Many companies in healthcare think that social media is complicated, time-consuming and a potential liability nightmare, believes Susan Giurleo, PhD. A belief with which she heartily disagrees. She says that if the options are considered carefully and logically, a social media plan is not only “not hard,” but can be quite simple.
Here’s an overview of a simple beginning social media plan encompassing just three components that she thinks any healthcare and healthcare-related professional can use:
• If you plan to use social media to either market to or connect with current and potential clients, you must have a website. You can develop your own website or hire someone to do it for you.
• A blog is the foundation of any social media plan; without it, there’s almost no point in doing anything with social media. Blogs, for some reason, are often feared by people in healthcare. This generally falls into three camps:
The first don’t know what to write about. Keep posts fact-based, informative and helpful to readers. Write about your specialty, if you have one. Offer quick tips; for example, how to manage stress or fit exercise into your daily schedule. Occasionally, summarize recent research in your area of expertise.
The second don’t think they can write. Here’s a tip, keep blog posts simple, straightforward and in simple language. It isn’t a dissertation or thesis—which as a healthcare professional you most likely wrote in pursuit of your advanced degree.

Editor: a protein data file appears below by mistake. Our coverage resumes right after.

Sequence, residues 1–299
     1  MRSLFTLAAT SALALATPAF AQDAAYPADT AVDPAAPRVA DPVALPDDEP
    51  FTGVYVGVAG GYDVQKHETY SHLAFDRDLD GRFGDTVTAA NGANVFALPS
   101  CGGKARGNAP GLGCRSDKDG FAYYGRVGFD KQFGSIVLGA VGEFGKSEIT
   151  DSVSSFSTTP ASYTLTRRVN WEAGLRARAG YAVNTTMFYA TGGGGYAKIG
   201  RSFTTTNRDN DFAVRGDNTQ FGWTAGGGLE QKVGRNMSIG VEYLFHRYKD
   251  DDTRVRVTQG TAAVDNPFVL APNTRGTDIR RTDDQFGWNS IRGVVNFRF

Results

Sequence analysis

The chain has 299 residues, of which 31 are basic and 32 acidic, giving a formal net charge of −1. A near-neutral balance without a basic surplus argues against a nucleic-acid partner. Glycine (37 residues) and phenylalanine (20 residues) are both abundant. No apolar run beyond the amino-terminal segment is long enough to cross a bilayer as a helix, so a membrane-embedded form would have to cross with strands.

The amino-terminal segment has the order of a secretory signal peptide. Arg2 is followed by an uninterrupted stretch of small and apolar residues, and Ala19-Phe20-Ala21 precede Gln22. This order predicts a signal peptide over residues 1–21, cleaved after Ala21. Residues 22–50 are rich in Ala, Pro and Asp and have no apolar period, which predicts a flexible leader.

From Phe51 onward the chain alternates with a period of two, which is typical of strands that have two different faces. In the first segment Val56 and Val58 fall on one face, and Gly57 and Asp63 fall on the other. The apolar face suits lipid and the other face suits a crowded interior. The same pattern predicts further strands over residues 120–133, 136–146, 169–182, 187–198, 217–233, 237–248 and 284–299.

The third don’t believe they have time. A time commitment doesn’t need to be huge; it shouldn’t be hard to find time to write a couple of hundred words on a topic you’re an expert on. If it is, you might want to reconsider this entirely.
• Once you have a blog, actual social media can be added to the mix. Twitter—with just 140 characters to tell people “what’s happening”—is a good one to start with. It’s:
Straightforward to use—here’s an easy way healthcare folks can use it: write a blog post and tweet it to your followers with a link back to your blog.
Less room for liability issues—following you on Twitter doesn’t automatically identify someone as a client of yours because anyone and everyone can follow anyone and everyone on Twitter (of course, you do want to keep it professional and never post any information about clients, even if identities are eliminated).
The format naturally limits how much engagement you can have—140 characters are just a few well chosen words.
If you are in healthcare, insurance, technology or other professional services industries and are interested in developing a social media plan, but think you will need help, contact Scott Public Relations.
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